A hunter can and should count each fallen bird as a reward. Several years ago I had such a “rewarding” experience in the California desert. My buddy Jim Matthews, an occasional contributor to this magazine who spends a good deal of time on dusty desert back roads searching for upland game and mule deer, had located several coveys of chukar days before the season opened. Our plan was to get up early, take on some light hiking and bust a bunch of birds before lunchtime. Yeah, right! We bagged one or two birds before legal shooting hours rolled to a close.
Finding chukars is rarely as easy as spotting a roadside spring on a topographical map, driving as close to it as possible, then stepping out and taking a limit. But it can be.
One season when I still lived near good chukar habitat, the desert was drenched with late winter and spring rain. Grass grew tall, insects were plentiful and the chukars pulled off double and triple clutches. Life was good for the birds and hunting was excellent; every canyon and cliff rim seemed to hold a covey or two...sometimes three. My father and I hunted hard that season, adding eight or 10 birds to the freezer several Saturdays in a row.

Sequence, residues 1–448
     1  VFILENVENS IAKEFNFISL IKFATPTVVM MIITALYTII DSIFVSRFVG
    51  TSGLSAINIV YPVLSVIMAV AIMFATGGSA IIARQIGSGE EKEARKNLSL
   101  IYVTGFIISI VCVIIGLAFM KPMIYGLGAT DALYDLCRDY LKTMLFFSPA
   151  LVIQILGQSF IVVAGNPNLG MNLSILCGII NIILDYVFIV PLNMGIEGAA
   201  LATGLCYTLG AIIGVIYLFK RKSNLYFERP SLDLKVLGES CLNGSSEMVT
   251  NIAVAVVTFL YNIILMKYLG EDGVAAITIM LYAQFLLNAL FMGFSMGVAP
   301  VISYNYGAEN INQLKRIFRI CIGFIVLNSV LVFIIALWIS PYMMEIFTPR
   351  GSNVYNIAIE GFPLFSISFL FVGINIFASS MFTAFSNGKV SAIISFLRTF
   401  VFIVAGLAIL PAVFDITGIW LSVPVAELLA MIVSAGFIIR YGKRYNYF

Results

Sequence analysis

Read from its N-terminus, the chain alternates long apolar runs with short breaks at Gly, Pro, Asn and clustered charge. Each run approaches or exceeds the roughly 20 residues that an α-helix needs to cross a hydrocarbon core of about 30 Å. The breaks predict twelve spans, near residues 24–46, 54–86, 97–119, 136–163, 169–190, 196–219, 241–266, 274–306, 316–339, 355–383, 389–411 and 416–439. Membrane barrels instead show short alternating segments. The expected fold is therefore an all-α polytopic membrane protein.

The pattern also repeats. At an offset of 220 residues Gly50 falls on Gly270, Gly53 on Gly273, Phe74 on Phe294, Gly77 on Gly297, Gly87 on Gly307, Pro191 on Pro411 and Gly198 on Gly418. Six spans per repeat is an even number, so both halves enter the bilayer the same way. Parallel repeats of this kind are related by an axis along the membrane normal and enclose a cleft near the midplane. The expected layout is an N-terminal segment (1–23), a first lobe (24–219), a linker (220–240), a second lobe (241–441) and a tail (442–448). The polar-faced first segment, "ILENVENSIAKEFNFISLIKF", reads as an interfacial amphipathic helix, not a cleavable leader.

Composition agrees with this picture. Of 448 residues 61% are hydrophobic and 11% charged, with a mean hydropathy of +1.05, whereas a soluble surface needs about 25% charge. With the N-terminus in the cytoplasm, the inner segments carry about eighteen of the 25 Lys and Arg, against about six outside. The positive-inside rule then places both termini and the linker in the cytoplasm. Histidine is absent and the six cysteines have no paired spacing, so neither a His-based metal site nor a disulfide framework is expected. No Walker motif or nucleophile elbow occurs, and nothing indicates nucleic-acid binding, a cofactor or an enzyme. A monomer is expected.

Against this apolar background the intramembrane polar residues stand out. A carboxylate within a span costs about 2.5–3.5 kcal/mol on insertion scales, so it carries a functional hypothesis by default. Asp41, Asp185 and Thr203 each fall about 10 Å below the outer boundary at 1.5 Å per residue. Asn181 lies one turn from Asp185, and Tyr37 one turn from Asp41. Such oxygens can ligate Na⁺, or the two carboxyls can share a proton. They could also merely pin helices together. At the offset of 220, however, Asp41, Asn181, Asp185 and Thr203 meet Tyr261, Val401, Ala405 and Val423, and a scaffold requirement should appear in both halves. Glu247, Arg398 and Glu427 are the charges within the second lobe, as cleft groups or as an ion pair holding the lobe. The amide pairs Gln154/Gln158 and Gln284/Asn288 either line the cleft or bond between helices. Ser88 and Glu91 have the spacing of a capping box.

At the same location the following year, there had been no brood-rearing rains. What was left were carryover adult birds that flushed wild and provided extremely challenging shooting. By noon, it was becoming hard to justify our presence in such rugged country. My water supply was better than half gone, my feet ached and the stock on my new Browning 28-gauge Citori was becoming more tattered with each 100-foot gain in elevation. If it wasn’t for the lingering shotgun blasts occasionally resonating across distant ridge tops, reminding us we were in good chukar country, we would have gone home. This went on for hours until the waning light of evening began to cast long shadows across the desert moonscape. On our last attempt to gun birds, feeble as it was, we hiked toward a known water source and on the way jumped a sizable covey. I busted the second bird I swung on, the only one we shot all day.